So, I’ve been going on a classic literature binge, and I found this book. 2001: A Space Odyssey was written by Arthur C. Clarke.
Two astronauts, three hibernating passengers, and an AI named HAL are headed for Saturn on an exploratory mission. Strange discoveries on the moon change the mission plan a little. And if being the only three sentient beings awake for millions of miles wasn’t enough danger, something is systematically sabotaging their ship.
The plot has probably been copied by about a thousand people because it’s just. that. good. The suspense grows with every chapter until you can’t look away.
Clarke’s word choice is absolutely stellar. (Yes, I meant to do that.) The images he conjures are loaded with detail and stick with you for hours.
Clarke even (spoiler, highlight to read) and I wasn’t even a little mad. That in itself should tell you this author is fantastic.
My only major problem was with the exposition. A full third of the book is irrelevant to the plot. The first fourth or so could have been compressed into a few pages. Some of the descriptions later on in the exposition section are gorgeous and give the reader a much better idea of society and technological advancement on Earth, but the rest of it… nah.
Blocks of indigestible scientific gibberish are randomly shoehorned throughout the main plot-relevant section. I could understand it, and the reasoning behind the technology was pretty cool, but it was jammed into the middle of a perfectly good plot-driven chapter. Scientific information only propels a plot when there’s real in-universe importance attached to that information.
Another pet peeve of mine was the characters. Actually, the non-characters. They were pretty flat. Granted, 2001 is a short book and there isn’t much room for character development in the middle of the plot. Clarke did make an effort in several spots to paint his main characters’ lives, but they’re still cardboard with a bit of throwaway character development to make them look 3-D. This book is all about the story, so the characters are pretty much window dressing anyway, but I was slightly annoyed by the lack of backstory.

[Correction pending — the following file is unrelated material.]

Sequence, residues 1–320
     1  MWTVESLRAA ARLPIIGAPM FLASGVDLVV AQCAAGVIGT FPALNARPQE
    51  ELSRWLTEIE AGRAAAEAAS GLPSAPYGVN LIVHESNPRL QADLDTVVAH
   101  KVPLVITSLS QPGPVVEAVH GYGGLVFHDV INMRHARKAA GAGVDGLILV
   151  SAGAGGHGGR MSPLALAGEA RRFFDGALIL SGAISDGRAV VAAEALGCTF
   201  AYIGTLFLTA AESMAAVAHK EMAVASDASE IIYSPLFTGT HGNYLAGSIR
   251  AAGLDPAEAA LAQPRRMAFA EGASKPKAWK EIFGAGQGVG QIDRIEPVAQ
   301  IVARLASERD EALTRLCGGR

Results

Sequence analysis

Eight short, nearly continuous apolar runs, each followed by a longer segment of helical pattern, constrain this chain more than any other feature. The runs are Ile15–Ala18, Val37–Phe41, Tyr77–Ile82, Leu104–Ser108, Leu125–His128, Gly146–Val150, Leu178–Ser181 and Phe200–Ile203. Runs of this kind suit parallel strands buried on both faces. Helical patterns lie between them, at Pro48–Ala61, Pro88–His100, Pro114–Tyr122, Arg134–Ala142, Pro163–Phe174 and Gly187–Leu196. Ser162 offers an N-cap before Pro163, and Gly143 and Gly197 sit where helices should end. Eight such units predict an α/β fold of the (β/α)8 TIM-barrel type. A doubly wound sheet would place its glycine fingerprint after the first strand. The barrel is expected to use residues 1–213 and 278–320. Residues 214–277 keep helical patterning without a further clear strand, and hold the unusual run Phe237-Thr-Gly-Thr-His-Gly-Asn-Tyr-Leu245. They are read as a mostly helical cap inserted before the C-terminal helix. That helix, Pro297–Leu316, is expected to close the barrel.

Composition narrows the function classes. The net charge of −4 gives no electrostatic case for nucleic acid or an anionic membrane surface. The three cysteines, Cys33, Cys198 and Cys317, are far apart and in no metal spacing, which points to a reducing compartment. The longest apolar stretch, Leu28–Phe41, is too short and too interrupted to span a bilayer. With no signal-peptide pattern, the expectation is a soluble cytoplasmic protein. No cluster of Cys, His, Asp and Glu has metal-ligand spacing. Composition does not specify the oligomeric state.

Okay, it’s fair to say this isn’t the 2001 I was born into. In the words of someone else: “God bless you, old sci-fi, you had such high hopes for us.” We obviously aren’t sending manned missions to Saturn, or putting humans in cryosleep until we need them. But no matter what year it is set in, (2001, 2023, 2323…) this book is timeless.
Yes, I know a full two-thirds of this review so far was my quibbles with this book. Well, READ THE BOOK ANYWAY. Even if you don’t like the ‘drops exposition on you like a ton of bricks’ aspect, this book is well worth reading despite that. It brings up deep questions logically, within the boundaries of the story. The suspense is masterfully written. The settings are vivid, and the plot is amazingly original (keeping in mind the publication date of 1968, it’s likely that anything written later with a similar plot drew at least some inspiration from 2001). There’s an ending that hits you like a ton of bricks and leaves you thinking about it days later. Basically, all the ingredients of a book that lingers. 2001 stays in your mind. You remember HAL every time you hear the letters AI. You hear the words “My God, it’s full of stars!” in the back of your mind, and stare blankly at the nearest wall as you struggle to comprehend the vastness and implacability of the universe.
(Well, 2001 might not do that to you, but that’s what it did to me.)
This book fully deserves its place as a classic of science fiction. I have no regrets about reading it, and the problems with the writing are vastly outweighed by its good points. 4 and 1/2 stars.